Interview with Pat Santarsiero

How do you hope Smashwords will contibute to your success?
With so many different forms of ebook devices out there today, I wanted to give "Thursday's Child" as wide an audience as possible. It has been exclusively on Amazon and available only on kindle devices since it's inception and it was so well received, that I wanted to see how it fared elsewhere.

Unfortunately, you can't take reader's reviews with you, so in that, I am starting from square one. Hopefully, the reviews will be just as encouraging here as on Amazon.
What is the greatest joy of writing for you?
I would have to say the greatest joy is the creation of something that, not only am I proud of, but something that appreciation has been expressed for by so many others. This story was first posted on a fan site and the response was so great, that I was encouraged to publish it. To know so many people actually read and enjoyed something that I created, was immensely rewarding. .
What are you working on next?
I am currently working on another Pride and Prejudice variation. This one is more conventional than the last but the events that take place in the prologue,(five years before the actual P & P begins) has an impact on every event that occurs in the original story. It is tentatively titled "The Last Waltz" and I hope to have it ready for publication sometime in the Spring of 2014.
What do your fans mean to you?
In one word: everything. We can't live in a vacuum and as much as I describe myself as a loner, with no feedback, no encouragement and no honest communication with my readers, I will never grow as a writer. To publish a book is to put yourself out there, to expose yourself to other's praise or their riducule. This is not an easy thing to do! I know you can't please everyone and that the most important person that I should try to please is myself, but if your aren't pleasing anyone but yourself, maybe you should take some of your critic's words to heart.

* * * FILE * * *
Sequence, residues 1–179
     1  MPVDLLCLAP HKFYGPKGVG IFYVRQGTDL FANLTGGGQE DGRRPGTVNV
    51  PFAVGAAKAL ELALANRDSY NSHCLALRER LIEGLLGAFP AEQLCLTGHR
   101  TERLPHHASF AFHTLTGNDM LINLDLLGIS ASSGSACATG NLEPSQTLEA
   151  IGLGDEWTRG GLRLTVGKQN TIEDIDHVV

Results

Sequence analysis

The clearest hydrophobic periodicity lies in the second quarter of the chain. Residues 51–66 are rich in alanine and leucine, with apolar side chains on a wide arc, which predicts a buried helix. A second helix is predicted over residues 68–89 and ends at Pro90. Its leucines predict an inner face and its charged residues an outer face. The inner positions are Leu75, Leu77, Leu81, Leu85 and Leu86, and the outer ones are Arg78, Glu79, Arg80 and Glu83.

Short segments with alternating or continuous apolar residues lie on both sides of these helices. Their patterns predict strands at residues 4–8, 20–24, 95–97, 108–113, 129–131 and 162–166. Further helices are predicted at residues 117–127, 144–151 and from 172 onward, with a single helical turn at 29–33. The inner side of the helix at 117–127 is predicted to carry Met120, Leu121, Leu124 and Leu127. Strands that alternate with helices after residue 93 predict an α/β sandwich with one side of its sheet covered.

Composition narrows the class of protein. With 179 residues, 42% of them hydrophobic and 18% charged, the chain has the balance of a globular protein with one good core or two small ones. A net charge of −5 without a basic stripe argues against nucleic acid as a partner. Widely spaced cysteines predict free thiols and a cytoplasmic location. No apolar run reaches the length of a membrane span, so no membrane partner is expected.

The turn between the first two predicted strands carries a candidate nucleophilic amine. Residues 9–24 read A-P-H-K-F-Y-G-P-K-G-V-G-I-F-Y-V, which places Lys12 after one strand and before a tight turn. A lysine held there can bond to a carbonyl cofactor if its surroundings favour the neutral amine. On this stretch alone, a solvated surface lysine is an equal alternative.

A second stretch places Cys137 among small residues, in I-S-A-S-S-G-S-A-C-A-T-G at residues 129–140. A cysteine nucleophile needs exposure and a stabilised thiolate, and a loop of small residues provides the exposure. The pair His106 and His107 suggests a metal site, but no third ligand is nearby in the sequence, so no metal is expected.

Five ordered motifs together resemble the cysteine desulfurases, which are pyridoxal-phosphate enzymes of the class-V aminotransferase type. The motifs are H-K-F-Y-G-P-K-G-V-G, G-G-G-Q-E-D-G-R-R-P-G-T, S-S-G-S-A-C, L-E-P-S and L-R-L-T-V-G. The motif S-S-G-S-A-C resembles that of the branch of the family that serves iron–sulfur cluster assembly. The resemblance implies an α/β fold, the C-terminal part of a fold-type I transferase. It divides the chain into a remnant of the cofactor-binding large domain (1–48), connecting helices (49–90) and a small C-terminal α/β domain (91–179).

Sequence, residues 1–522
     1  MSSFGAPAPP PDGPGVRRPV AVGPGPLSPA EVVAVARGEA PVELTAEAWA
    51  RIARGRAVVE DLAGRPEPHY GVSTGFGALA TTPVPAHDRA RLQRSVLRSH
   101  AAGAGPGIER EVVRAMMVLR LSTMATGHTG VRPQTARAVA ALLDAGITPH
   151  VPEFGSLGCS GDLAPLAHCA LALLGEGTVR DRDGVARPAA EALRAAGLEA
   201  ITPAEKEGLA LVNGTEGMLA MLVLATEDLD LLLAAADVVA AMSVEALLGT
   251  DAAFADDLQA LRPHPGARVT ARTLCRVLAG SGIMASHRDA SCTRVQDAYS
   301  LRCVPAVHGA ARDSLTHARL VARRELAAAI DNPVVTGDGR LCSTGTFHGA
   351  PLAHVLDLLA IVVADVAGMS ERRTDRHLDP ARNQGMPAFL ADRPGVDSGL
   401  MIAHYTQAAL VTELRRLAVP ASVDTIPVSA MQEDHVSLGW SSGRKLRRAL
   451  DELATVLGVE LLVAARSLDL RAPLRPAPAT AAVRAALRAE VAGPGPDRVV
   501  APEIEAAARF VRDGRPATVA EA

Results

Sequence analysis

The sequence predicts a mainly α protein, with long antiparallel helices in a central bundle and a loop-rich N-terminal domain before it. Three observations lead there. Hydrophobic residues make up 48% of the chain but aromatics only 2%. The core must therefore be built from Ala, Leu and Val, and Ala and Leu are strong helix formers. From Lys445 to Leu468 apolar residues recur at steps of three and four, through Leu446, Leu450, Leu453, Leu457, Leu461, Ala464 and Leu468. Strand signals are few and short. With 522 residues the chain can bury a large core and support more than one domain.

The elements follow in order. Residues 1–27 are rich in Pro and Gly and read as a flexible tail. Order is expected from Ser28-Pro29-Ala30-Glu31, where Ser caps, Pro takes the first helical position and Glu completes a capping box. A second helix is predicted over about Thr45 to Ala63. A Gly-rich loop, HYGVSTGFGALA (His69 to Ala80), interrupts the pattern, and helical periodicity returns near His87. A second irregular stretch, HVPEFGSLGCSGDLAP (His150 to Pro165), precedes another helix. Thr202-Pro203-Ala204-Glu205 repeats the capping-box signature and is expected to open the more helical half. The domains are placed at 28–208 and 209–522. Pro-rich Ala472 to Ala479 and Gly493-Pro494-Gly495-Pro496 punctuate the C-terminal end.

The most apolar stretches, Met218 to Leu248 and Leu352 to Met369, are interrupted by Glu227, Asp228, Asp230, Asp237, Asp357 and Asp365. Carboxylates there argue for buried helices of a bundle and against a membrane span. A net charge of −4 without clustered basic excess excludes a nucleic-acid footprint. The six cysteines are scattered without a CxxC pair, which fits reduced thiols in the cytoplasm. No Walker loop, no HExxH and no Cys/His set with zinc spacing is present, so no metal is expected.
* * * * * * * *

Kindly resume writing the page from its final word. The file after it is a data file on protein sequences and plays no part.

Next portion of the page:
Do you remember the first story you ever wrote?
Believe it or not, "Thursday's Chld" is the first story I've ever written. It was rattling around in my head for about two years before I finally sat down and got serious about it. My only intention was to post it on a fanfiction website,which I did, a couple of chapters twice a week, but the response was so great, I was encouraged to publish it.
How do you approach cover design?
Even though "Thursday's Child" is a Pride and Prejudice variation, I would like to think it could complete with any "Regency Romance" out there. What I noticed about all of those genre covers was their similarity. I wanted mine to be more unique. I wanted the cover, that one picture, to convey as much of the essence of the story as possible. I hope I accomplished that.
Describe your desk
It's funny that this was one of the staple questions. I just bought a new desk to celebrate the publishing of "Thursday's Child". Previously I was writing on a desk I had bought for one of my sons many years ago, (you know the ones you had to put together yourself and always had some parts left over?) It was old and painted again and again over the years, but it served it's purpose. I ate dinner at it many times while writing, spilled things on it, fell asleep with my head on it and when I had writer's block, blamed it for it's lack of inspiration.

I now have a beautiful mahogany desk, but I'm so afraid of doing something to ruin it, I almost wish for the old one back. I'm just getting the new desk set up with what I hope will be items that will help me create my next successful book. Only time will tell!
What's the story behind your latest book?
The book I am currently working on "The Last Waltz" does have a story behind it. As I mentioned I was posting "Thursday's Child" on a fanfiction website. This was my first story ever and the first time I had ever posted on a website. I was not familiar with many of the terms used in the fanfiction world. After every posting there would be a torrent of comments. As the story progressed there were more and more readers suggesting ways for me to get rid of Caroline Bingley.

One commenter suggested an FCA. I had no idea what that meant. I was then informed it meant "Freak Carriage Accident:" and was told that it was a running joke that when a writer wanted to get rid of someone in regency fanfiction, they usually reverted to a freak carriage accident. I confessed I had no FCA's in "Thursday's Child" but would consider it for my next story. So, naturally, I became obsessed with the idea, and the premise for "The Last Waltz" is based on just that.
Who are your favorite authors?
Of course, I love Jane Austen, but as far as modern authors, I would have to say that Anne Tyler is my favorite. I have read every one of her books, about 19 or 20 I suppose. Her books deal with everyday people, the choices they make and the repercussions of those choices. I find her work fascinating and I've tried to keep my stories as focused and simple as hers. It is amazing to me how she turns such oridinary occurrences into such thought provoking events.
Published 2013-11-03.
Smashwords Interviews are created by the profiled author, publisher or reader.